SPOILER WARNING: I'm going to discuss the finale of "The Shield" in a lot of detail, so turn away now if you haven't seen it yet.
Speaking of spoilers, sometime spoiler hints aren't such a bad thing. Michael Chiklis did a lot of press in the last few weeks suggesting that one or more regular characters were going to bite it by the end of this half-season, so when we got to that scene with Shane and Lem, it was pretty clear what was going to happen, if not how. But that assumption actually made the scene work better I think, then if it had been an out-of-the-blue shock. Because I suspected what was coming, I could see Shane agonizing over what he felt he had to do, trying desperately to get Lem to say something, anything, that would make him change his mind. I know Chiklis and Forest Whitaker are getting all the acting hype this year, but hot damn was Walton Goggins good there. He actually made me feel sorry for dumb, racist, selfish, remorseless Shane even as he was preparing to murder one of his best friends to save his own ass.
I e-mailed Shawn Ryan to ask whether the viewer was supposed to realize Shane was going to cap Lem long before he did it, and this is what he wrote back to me:
I knew that advance publicity might "color" that big scene some, but I figured we'd concentrate on the process, not the shock, and try to keep it as real as possible. I always had the feeling that the audience might think two or three times in that scene that Shane might pull a gun, and then, as he continues not to, maybe they'd figure it wasn't going to happen, but we'll see how people react.While I'll miss Lem, this murder had to happen, not just to keep Vic on the streets until the end of the series, but to begin the massive karmic payback he's deserved since he murdered in the pilot. He's always taught Shane, by word and by deed, that the ends justify the means, up to and including murdering a fellow cop if he's threatening your livelihood. He's had this coming for a long time, and I cannot wait for the scene where Vic finally finds out what happens and confronts Shane about it, and Shane pulls the "I learned it from watching you!" card.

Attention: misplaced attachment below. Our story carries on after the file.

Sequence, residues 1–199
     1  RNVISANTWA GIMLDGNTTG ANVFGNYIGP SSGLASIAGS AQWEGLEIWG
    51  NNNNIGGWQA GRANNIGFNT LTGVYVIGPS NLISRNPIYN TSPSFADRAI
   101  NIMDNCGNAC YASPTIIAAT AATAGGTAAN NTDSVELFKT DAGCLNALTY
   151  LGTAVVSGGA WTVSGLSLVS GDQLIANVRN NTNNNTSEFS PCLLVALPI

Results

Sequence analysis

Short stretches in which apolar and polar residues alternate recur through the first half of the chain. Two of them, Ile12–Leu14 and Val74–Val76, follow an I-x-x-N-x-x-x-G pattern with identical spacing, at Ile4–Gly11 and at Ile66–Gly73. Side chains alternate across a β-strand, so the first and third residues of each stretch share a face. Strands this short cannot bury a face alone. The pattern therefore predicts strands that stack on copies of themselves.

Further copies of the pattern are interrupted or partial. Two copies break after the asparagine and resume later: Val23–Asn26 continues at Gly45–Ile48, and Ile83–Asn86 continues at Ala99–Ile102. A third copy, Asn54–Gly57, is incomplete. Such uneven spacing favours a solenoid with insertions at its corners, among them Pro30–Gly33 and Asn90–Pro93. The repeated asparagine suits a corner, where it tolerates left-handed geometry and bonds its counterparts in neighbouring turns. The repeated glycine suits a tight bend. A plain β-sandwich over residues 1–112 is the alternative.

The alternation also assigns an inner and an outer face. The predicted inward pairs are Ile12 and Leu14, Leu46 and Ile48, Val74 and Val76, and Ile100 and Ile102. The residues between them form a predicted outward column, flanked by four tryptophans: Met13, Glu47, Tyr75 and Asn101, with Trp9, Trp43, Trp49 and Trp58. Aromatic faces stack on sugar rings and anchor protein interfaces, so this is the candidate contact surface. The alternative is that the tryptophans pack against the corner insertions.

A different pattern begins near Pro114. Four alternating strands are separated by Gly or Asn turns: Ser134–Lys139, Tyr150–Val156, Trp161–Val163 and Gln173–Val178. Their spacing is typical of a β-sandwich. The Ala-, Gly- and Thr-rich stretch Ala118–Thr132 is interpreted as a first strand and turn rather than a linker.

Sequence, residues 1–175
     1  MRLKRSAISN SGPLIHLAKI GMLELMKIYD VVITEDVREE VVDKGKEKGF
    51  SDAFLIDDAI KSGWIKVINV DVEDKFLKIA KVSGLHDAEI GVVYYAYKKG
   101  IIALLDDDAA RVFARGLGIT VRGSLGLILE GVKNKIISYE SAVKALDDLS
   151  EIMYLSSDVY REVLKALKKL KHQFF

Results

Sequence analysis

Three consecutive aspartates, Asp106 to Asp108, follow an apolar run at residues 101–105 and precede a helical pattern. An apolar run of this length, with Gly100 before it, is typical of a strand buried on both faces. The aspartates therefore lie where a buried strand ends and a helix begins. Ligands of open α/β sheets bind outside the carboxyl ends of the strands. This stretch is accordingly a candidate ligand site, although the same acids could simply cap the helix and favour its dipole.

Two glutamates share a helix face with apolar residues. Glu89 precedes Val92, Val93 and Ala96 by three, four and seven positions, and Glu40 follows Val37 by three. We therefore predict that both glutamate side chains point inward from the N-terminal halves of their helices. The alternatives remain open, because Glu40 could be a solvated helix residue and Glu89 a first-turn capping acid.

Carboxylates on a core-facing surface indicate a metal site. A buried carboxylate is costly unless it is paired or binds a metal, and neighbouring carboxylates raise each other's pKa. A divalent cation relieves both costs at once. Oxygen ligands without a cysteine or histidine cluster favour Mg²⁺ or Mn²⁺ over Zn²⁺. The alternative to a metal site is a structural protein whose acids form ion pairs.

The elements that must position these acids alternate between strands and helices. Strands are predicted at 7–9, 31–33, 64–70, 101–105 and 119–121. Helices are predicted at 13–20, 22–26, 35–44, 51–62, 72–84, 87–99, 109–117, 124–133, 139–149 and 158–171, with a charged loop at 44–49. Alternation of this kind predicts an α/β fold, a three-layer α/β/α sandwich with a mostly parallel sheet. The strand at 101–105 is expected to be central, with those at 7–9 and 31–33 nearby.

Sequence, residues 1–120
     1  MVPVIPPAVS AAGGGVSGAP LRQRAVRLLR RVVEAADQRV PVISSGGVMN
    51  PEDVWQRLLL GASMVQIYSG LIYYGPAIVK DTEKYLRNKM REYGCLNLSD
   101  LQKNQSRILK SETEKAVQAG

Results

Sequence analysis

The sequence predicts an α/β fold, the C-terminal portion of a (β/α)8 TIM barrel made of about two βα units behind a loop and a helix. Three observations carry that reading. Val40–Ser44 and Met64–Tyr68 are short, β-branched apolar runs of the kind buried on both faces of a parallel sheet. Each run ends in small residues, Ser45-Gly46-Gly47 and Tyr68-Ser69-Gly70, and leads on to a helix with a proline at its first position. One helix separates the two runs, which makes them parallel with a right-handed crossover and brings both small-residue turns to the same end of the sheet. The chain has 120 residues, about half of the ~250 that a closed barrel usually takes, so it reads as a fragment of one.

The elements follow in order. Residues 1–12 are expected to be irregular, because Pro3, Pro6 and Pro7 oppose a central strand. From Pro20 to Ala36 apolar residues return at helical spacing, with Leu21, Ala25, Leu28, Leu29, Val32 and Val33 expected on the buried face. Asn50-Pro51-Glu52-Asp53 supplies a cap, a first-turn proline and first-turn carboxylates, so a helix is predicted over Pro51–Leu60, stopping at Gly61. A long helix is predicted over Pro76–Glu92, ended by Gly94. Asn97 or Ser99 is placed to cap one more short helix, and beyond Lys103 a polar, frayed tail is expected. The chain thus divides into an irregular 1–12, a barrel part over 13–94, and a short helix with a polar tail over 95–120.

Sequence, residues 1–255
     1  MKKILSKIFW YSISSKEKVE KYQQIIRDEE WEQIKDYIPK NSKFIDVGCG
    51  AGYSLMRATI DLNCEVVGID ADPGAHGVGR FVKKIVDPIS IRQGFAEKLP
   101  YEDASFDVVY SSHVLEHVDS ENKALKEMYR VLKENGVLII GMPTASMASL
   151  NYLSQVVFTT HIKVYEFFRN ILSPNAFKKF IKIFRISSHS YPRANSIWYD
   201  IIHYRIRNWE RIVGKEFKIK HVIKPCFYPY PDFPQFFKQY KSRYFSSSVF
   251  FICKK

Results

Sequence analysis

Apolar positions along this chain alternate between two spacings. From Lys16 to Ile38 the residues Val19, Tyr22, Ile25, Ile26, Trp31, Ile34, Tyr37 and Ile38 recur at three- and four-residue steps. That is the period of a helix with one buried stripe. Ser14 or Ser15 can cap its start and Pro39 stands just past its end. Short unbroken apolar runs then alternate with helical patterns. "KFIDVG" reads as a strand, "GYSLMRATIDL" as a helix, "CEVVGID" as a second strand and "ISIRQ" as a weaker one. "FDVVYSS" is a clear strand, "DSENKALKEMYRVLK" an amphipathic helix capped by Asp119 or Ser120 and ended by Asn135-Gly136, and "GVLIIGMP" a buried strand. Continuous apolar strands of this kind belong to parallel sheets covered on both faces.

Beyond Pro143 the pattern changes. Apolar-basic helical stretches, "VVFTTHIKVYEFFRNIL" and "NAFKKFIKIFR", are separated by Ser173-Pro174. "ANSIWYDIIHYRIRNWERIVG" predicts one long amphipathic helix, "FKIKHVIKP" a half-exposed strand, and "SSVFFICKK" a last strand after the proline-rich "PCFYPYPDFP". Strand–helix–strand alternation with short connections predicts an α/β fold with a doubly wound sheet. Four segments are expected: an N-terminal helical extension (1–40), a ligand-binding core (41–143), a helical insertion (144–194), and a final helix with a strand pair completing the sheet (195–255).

Felt like the "surprising, but inevitable" conclusion to this season and we tried to plant clues and hints all the way through the season. We knew as far back as July of last year that this was what we were going to build to, so if you go back and watch the season and see the Shane/Mara scene in Episode #503, it would seem like an obvious setup, or if you watch the music montage at the end of last week's episode, the lyrics "The Killer in me is the killer in you" hit right over Shane and Lem in a way I think is very prophetic now.
And now, of course, Shane is going to have Dutch and Claudette on his ass (Billings, too, but he's a waste of donor organs), not to mention Kavanaugh, Aceveda and Vic himself -- each investigator with his or her own agenda, which could make for some strange bedfellows next year. Again, I cannot wait.
Some other thoughts on the finale to the best season of "The Shield" to date:
- So Vic is Danni's baby daddy, huh? It seemed so obvious that I figured it couldn't be him (maybe Ronnie?), but they do have the history together, and it means that Kavanaugh was dead-on when he told Corinne about it. And speaking of the ex-Mrs. Mackey...
- The unofficial on-set motto of the show is "The Shield: It's so wrong." Maybe a sub-motto should be "Nepotism: It's not so wrong." Obviously, Shawn Ryan's wife Cathy has been around from day one, and she's done a much better job than you would expect from the boss' wife; she actually held her own in that scene where Kavanaugh stayed in her kitchen just a little too long. And on top of that, we got Ally Walker -- aka Mrs. John "President of FX" Landgraf -- as the world's highest-class low-class ho. After she left/got dumped from "Profiler," Walker all but gave up acting to raise her kids, but she's been doing a few guest spots lately, and Ryan got a great, creepy performance out of her. Plus, as Shawn says, "How many showrunners ever get the chance to 'turn out' their network's president's wife?"
- Claudette as captain works really well. Other than maybe Monica Rawling, she's the only person to ever occupy the job who Vic's respected and/or feared, and she knows enough about how Vic does business to cause him a lot of problems. And it now makes Dutch the wise and mature member of his partnership. Also loved Dutch once again trying to pattern his behavior after a sociopath. First he strangles cats, now he's trying to pimp out the precinct cutie. I know he's not the main character, or even the audience identification character like Bayliss was on "Homicide," but what are the odds that the ol' Dutchman turns serial killer before the series is over?